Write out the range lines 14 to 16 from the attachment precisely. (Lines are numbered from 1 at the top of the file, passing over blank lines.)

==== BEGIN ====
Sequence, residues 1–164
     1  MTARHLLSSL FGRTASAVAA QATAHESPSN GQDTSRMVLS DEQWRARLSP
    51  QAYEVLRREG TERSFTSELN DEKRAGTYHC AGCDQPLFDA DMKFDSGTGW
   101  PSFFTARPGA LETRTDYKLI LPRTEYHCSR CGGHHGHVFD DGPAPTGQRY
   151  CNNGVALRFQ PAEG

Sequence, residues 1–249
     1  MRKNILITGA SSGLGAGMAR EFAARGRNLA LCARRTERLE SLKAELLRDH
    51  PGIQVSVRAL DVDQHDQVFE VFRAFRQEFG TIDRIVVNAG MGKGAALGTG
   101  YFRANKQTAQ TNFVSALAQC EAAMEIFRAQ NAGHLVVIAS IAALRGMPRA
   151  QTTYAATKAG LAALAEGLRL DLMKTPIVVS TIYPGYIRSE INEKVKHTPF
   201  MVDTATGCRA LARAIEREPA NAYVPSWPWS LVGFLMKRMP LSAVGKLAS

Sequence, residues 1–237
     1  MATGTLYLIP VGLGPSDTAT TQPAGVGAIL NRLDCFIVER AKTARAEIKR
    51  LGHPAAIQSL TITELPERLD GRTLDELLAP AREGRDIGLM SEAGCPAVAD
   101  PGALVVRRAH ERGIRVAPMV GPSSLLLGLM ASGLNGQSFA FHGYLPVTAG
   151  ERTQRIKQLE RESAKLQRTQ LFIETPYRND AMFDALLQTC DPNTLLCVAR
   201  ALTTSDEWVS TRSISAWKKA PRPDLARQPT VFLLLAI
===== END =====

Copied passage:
    51  LGHPAAIQSL TITELPERLD GRTLDELLAP AREGRDIGLM SEAGCPAVAD
   101  PGALVVRRAH ERGIRVAPMV GPSSLLLGLM ASGLNGQSFA FHGYLPVTAG
   151  ERTQRIKQLE RESAKLQRTQ LFIETPYRND AMFDALLQTC DPNTLLCVAR